ORLEN’s hydrogen refuelling station opened in Poznań

ORLEN has inaugurated its first public 24-hour hydrogen refuelling station in Poznań, capable of serving cars, trucks and buses. The new station is a component of the Clean Cities project, co-financed by the EU under the CEF instrument and the national Green Public Transport programme. It will support a fleet of 25 city buses operated by the municipal transport company MPK Poznań, under a 15-year contract whereby ORLEN has committed to delivering 1.8 million kilograms of hydrogen fuel.

“Producing and distributing alternative fuels is a big part of the ORLEN Group’s energy transition. We see huge potential for hydrogen, especially in public transport. Building hydrogen refuelling stations is our way of meeting the growing demand from local governments like Poznań, moving towards zero-emission urban transport, but is also crucial for achieving our own strategic goals. Hydrogen is a safe alternative energy source for transport, helping to cut down carbon dioxide emissions in cities. This latest project will improve the quality of life for residents of Poznań. Throughout the term of our 15-year contract, we'll supply 1.8 million kilograms of hydrogen to Poznań's buses, helping to avoid 21 thousand tonnes of carbon emissions,” says Artur Osuchowski, Member of the ORLEN Management Board, Energy and Energy Transition.

Located on the premises of the ORLEN service station at 231 Warszawska Stret near the Miłostowo tram terminal in Poznań, the new station is open to the public on a 24/7 basis, serving all hydrogen-powered vehicles in addition to the Poznań city buses.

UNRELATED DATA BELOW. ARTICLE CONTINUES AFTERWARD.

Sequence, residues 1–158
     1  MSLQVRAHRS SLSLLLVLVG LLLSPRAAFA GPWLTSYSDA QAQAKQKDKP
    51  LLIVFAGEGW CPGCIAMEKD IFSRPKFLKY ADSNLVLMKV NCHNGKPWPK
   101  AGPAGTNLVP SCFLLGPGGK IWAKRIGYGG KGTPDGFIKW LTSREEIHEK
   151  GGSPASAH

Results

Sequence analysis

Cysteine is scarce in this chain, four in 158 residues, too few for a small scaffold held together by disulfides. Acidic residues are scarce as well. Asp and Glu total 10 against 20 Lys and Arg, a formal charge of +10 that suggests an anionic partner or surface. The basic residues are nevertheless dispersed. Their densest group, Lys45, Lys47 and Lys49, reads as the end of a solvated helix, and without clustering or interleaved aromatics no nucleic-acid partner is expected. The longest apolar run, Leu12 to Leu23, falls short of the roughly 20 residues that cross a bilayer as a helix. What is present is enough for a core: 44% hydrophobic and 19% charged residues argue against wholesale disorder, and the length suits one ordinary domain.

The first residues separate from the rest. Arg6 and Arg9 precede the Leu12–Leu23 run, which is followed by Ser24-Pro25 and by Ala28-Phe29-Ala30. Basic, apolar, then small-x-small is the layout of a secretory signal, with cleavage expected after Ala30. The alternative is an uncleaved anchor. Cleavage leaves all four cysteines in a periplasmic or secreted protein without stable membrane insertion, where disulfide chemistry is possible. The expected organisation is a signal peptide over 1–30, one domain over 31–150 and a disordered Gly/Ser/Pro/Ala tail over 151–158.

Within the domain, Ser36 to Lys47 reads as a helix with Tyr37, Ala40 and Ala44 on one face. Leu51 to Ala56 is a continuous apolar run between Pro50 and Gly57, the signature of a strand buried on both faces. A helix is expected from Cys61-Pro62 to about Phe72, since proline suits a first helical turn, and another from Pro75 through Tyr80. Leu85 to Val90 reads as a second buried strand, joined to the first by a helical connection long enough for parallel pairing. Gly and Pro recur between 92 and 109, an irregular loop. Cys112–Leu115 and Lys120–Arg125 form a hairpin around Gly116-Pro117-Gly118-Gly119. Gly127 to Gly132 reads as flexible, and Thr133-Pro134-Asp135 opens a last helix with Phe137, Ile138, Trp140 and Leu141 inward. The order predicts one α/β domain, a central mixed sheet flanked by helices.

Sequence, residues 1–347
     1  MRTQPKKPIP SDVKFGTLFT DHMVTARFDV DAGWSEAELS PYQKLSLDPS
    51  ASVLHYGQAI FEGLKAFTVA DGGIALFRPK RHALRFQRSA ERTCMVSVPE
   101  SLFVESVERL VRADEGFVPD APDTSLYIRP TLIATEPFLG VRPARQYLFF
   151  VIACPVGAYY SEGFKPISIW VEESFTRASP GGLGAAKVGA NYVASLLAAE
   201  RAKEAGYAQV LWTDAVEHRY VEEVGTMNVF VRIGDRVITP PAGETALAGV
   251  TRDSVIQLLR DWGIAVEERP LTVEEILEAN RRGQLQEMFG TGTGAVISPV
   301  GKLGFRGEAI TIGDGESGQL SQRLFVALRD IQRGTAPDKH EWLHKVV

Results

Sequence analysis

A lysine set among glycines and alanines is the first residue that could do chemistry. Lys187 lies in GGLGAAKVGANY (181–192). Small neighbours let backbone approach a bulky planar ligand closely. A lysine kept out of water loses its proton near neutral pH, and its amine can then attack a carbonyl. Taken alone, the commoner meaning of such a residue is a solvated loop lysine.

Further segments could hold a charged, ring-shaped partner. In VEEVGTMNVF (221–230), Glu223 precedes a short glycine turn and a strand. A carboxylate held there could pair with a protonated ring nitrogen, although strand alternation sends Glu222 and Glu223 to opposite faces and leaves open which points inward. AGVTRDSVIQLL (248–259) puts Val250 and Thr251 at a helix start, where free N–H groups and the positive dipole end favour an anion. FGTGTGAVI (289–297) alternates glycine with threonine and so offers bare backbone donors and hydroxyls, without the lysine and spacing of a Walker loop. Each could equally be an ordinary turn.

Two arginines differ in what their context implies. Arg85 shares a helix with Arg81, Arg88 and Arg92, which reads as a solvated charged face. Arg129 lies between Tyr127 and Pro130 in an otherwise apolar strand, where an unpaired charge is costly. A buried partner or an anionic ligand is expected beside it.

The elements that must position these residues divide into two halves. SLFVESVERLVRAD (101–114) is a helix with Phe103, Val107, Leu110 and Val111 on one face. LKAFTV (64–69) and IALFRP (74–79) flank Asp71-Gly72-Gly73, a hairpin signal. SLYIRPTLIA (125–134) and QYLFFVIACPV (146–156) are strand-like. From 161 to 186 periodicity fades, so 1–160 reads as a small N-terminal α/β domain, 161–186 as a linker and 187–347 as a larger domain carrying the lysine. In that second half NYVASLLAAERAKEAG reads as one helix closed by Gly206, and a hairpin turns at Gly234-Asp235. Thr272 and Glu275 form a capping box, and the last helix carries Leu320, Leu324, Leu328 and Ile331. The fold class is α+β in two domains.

The facility features three dispensers: two with the 350 bar pressure for refuelling buses and trucks, and one with the 700 bar pressure suitable for passenger cars. Refuelling a bus takes approximately 15 minutes, with a daily hydrogen demand of about 30 kg, enabling a range of approximately 350 km. Passenger cars, with a tank capacity of 5 kg, can be refuelled in about 5 minutes, providing a driving range of approximately 600 km.

Hydrogen supplied to the Poznań station comes from the ORLEN Group’s plant in Włocławek. The station can dispense over one tonne of hydrogen per day, enough to meet the needs of up to 34 city buses (MPK Poznań’s target fleet size) plus several passenger vehicles.

Since June last year, hydrogen-fuelled vehicles have been in use for public transport passengers in Kraków, supported by ORLEN’s pilot refuelling station at the Wola Duchacka bus depot. Fuel for that station is sourced from Poland's first automotive grade hydrogen production hub in Trzebinia. Hydrogen bus tests have also been run in Płock and Katowice.

In the latter city, ORLEN will make a hydrogen refuelling station available by the end of this year. Further such facilities will be launched gradually over the coming years in Bielsko-Biała, Gorzów Wielkopolski, Wałbrzych, Kraków, Włocławek, Gdynia, Piła and Warsaw, as part of the second stage of the Clean Cities – Hydrogen Mobility in Poland project. In its third stage, 16 more stations are planned, with an unprecedented non-refundable EU grant of EUR 62 million received by ORLEN in April to support this project.

ORLEN’s plan is to build an international network of over 100 hydrogen refuelling stations spanning Poland, the Czech Republic, and Slovakia to serve private, public, cargo, road and rail transport by 2030. Hydrogen will be delivered through a European chain of hydrogen hubs powered by renewable energy and innovative facilities converting municipal waste into zero- and low-carbon hydrogen. The ORLEN Group’s total electrolyser capacities are to reach about 1 GW by 2030, which, combined with the waste-to-hydrogen projects, will allow it to produce more than 130 thousand tonnes of renewable hydrogen annually by the end of this decade.

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